His mentor arrived in a limousine to usher him into office, but when Billy Long left 17 months later, he was alone in the back of a patrol car.
Former Hamilton County Sheriff Long’s stint as the top law enforcement officer in the county, overseeing about 400 employees, is the story of an underdog who worked his way to the top for years only to fall instantly with his arrest on federal charges last weekend, friends say.
“I think you’ve got to say the power affected him,” said Don Gorman, a personal friend since 1985 whom the sheriff appointed as his director of administration. “It was so much, so fast.”
At Mr. Long’s September 2006 swearing-in ceremony, his former employer, ex-Sheriff H.Q. Evatt, arrived in a white stretch limousine, escorted by four motorcycle officers. Mr. Evatt had endorsed his fellow Democrat and a one-time Army paratrooper during the campaign to unseat Republican Sheriff John Cupp.
Last weekend, Mr. Long surprised many friends and associates when accusations surfaced that he had abused his hard-won authority. He now faces federal charges of extortion, money laundering, giving a gun to a convicted felon and possessing 5 kilograms of cocaine hydrochloride with intent to distribute.
Stuart James, a former Hamilton County Democratic Party chairman who calls himself one of Mr. Long’s closest political advisers, said the sheriff “wasn’t a guy who I thought was into all the trappings of a high-ranking political official.”
“Except for what happened, he probably would have been the greatest sheriff Hamilton County has ever had,” Mr. James said. “I have no idea what went wrong.”
THE CHATTANOOGA NATIVE
William Horace Long, 55, was born at Erlanger hospital on April 25, 1952. He grew up in the Lookout Valley area and attended Central High School in Harrison, graduating in 1970. He later earned his associate’s degree from Cleveland State Community College.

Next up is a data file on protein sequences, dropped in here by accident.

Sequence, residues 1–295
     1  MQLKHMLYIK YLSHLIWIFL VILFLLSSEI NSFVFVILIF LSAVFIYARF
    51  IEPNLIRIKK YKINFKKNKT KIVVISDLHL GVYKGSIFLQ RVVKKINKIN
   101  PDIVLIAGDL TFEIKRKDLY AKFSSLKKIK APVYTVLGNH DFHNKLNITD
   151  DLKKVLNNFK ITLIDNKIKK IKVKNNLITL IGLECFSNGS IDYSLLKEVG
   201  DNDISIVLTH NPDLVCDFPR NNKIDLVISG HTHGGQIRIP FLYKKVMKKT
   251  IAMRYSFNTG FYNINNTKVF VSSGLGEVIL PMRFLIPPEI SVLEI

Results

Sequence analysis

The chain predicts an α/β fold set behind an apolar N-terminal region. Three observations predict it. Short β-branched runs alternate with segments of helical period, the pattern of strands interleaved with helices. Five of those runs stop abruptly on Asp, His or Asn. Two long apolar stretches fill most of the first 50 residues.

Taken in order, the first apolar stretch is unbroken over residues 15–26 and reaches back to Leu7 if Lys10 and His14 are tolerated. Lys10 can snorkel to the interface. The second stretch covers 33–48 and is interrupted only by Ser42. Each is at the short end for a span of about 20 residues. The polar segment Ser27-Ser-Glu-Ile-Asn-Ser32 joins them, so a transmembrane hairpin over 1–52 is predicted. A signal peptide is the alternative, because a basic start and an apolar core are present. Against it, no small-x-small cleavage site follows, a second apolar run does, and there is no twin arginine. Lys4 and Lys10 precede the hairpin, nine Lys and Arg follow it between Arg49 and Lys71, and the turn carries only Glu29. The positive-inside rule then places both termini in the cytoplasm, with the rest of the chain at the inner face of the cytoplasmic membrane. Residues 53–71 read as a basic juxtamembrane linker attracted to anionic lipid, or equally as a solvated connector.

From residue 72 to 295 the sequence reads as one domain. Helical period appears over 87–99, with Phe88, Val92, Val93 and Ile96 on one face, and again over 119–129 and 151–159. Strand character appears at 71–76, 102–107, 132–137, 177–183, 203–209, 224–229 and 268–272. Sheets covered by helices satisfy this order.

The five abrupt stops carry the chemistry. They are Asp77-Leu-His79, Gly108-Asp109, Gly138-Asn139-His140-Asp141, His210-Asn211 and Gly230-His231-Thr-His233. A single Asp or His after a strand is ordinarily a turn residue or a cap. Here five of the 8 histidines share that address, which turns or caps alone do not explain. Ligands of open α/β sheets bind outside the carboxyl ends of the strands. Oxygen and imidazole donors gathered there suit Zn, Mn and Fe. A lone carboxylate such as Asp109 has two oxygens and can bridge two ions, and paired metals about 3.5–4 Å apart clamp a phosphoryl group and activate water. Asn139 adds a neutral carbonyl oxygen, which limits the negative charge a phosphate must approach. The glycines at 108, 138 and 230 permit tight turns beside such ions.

Both of Mr. Long’s parents have died, as have his two brothers, who died of cancer within about six months of each other, according to Mr. Gorman, who served as the best man in Mr. Long’s second wedding. His sister, Wanda, still lives in the Chattanooga area, Mr. Gorman said.
Mr. Long has two adult sons by his first wife and a stepdaughter and stepson with his current wife, Joy, who works as a nurse at Erlanger.
One of his sons, William A. Long, was arrested by Signal Mountain Police on a marijuana charge shortly after his father was elected in August 2006, records show.
Family members declined to speak with reporters during a hearing for Mr. Long in U.S. District Court on Friday. Longtime friend Perry Perkins, who assisted with Mr. Long’s campaign, also declined to comment, citing a request from defense attorney Jerry Summers.
“If anybody’s going to make statements, it’s going to be me,” Mr. Summers said during an interview last week.
Mr. Long lived in a modest East Brainerd home, having purchased his 2504 Cedarton Court residence in September 2002. The 1,746 square-foot residence is worth $138,900, according to records on file with the Hamilton County Assessor’s Office.
The family attends Woodland Park Baptist Church and in their free time enjoy riding motorcycles, according to Mr. Gorman, who said Mr. Long, his wife and stepdaughter all own one.